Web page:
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Raymond W. Goldsmith Oral History Interview

Oral History Interview with
Raymond W. Goldsmith

Economist with SEC, War Production Board, State Department, 1934-48; staff, National Bureau Economic Research, 1952-70.

New Haven Connecticut
June 25, 1973
by Richard D. McKinzie

[Notices and Restrictions | Interview Transcript | List of Subjects Discussed]


This is a transcript of a tape-recorded interview conducted for the Harry S. Truman Library. A draft of this transcript was edited by the interviewee but only minor emendations were made; therefore, the reader should remember that this is essentially a transcript of the spoken, rather than the written word.

Numbers appearing in square brackets (ex. [45]) within the transcript indicate the pagination in the original, hardcopy version of the oral history interview.

This oral history transcript may be read, quoted from, cited, and reproduced for purposes of research. It may not be published in full except by permission of the Harry S. Truman Library.

Opened July 1977
Harry S. Truman Library
Independence, Missouri


[Top of the Page | Notices and Restrictions | Interview Transcript | List of Subjects Discussed]


Oral History Interview with
Raymond W. Goldsmith


New Haven Connecticut
June 25, 1973
by Richard D. McKinzie


MCKINZIE: Professor Goldsmith, many historians would be interested in the kinds of people who worked on economic problems in the Truman administration. Would you tell me a little bit about how you first became associated with Government work in, I think, 1934?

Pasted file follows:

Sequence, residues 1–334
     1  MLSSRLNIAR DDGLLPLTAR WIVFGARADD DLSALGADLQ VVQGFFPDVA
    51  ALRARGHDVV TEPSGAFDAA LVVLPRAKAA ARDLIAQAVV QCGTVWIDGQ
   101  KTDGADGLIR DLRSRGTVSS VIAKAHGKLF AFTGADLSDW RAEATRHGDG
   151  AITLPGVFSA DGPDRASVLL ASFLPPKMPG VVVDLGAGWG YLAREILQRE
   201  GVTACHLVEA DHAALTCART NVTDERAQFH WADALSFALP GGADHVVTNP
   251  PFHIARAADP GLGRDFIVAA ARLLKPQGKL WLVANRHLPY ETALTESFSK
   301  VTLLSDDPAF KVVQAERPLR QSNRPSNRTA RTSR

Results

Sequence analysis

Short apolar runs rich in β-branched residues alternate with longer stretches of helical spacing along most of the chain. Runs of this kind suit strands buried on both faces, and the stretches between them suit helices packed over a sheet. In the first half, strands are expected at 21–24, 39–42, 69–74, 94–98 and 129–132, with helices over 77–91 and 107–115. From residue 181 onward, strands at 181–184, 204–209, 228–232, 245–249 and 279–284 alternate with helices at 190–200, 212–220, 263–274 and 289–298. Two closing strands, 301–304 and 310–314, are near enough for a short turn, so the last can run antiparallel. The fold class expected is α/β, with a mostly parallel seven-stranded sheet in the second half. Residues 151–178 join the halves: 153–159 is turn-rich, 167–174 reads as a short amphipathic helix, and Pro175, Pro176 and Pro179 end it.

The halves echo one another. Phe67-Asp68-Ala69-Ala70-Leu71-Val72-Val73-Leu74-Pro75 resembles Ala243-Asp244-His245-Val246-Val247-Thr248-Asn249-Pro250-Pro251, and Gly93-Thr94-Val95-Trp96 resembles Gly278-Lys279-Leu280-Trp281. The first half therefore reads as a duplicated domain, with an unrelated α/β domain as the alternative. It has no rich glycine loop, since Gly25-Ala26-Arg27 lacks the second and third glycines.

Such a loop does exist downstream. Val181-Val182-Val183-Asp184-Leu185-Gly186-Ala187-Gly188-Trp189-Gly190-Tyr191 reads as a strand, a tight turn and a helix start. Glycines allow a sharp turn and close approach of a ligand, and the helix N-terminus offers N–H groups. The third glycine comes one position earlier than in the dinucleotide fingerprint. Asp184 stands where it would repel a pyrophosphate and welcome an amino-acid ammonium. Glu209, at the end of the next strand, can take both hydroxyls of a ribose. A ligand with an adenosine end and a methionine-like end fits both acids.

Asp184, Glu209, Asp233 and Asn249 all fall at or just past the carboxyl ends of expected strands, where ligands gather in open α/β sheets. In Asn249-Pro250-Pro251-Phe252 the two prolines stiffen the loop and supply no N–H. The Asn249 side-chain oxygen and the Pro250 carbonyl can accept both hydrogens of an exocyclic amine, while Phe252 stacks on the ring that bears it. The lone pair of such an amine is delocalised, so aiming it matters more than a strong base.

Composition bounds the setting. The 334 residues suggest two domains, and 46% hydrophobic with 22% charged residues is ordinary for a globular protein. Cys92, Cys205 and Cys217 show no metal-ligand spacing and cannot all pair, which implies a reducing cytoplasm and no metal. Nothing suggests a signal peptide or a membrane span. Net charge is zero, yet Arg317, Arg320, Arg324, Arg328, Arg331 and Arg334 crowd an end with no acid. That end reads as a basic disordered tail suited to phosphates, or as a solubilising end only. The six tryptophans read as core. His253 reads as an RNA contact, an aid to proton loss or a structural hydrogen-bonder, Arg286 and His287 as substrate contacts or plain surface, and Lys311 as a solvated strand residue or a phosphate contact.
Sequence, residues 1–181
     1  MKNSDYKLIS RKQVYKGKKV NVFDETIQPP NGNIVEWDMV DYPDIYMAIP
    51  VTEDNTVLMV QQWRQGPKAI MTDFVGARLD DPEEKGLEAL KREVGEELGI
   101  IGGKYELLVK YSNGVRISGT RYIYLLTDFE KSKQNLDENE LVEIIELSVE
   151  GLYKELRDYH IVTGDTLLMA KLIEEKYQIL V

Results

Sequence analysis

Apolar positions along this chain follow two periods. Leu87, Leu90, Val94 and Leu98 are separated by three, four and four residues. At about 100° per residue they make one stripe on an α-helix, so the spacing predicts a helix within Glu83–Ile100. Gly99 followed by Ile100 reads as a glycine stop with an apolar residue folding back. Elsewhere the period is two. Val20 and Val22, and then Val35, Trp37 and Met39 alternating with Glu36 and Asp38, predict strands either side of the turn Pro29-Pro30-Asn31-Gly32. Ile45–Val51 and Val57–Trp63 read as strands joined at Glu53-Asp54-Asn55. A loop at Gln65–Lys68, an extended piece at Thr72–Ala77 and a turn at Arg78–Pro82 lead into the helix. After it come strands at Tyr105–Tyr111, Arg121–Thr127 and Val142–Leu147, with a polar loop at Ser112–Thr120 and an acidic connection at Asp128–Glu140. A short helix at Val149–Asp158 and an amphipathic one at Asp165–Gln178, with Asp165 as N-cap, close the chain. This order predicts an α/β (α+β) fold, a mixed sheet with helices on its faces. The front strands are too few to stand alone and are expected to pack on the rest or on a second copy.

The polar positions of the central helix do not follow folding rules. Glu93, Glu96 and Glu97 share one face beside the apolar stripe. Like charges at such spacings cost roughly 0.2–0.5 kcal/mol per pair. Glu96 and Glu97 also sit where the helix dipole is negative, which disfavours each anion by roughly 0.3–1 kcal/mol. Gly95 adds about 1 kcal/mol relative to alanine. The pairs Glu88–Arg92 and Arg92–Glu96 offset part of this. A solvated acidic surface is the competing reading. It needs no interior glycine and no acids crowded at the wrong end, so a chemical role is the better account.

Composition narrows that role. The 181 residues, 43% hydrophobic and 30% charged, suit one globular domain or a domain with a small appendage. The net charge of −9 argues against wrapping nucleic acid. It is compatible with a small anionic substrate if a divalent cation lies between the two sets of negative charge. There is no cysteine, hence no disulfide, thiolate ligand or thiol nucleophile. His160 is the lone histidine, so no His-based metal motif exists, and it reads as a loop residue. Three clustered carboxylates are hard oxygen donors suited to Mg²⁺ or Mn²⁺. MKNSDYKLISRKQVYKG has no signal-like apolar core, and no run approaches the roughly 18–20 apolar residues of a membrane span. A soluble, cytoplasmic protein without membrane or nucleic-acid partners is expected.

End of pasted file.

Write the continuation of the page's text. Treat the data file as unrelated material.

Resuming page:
GOLDSMITH: I started in 1934 at the Securities and Exchange Commission in the then very small


Research Division headed by Doctor Paul Gourrich, and slowly worked up as it was rapidly enlarged. I was for a number of years, from about '37 to about '39, in effect Deputy Director. When Dr. Gourrich got another job within the SEC, I became the head of the Research Section which became part of the Trading and Exchange Division. I stayed there until early '42 when I transferred to the War Production Board, where I worked in the economic side of the Planning Division, headed by Professor Simon Kuznets, the Nobel Prize man. The boss of the whole show was Robert Nathan, who since 1946 has had a fairly big consulting firm in Washington. I dealt mainly there with problems of war finance. I also worked on war expenditures and war production of other countries, allies as well as enemies, and wrote several reports in this field. Finally I wrote


a long memorandum on the submarine war together with James R. Newman, the well known writer.

I stayed on there until 1947, I think, when Mr. [Joseph] Dodge, whom I met in Berlin (as I will refer to in a minute), asked me to come along with him as economic adviser for the Austrian State Treaty negotiations in Vienna. David Ginsburg, a very well-known Washington attorney, was his legal adviser and really the brains.

Then after that I did a few odd jobs for the State Department until early 1948 when I went back to academic work, doing a three volume study: A Study of Saving in the United States. Let me get back to the most interesting part, which was the committee to evolve a plan for German currency reform.

Mr. Dodge at that time, i.e. in 1945-46,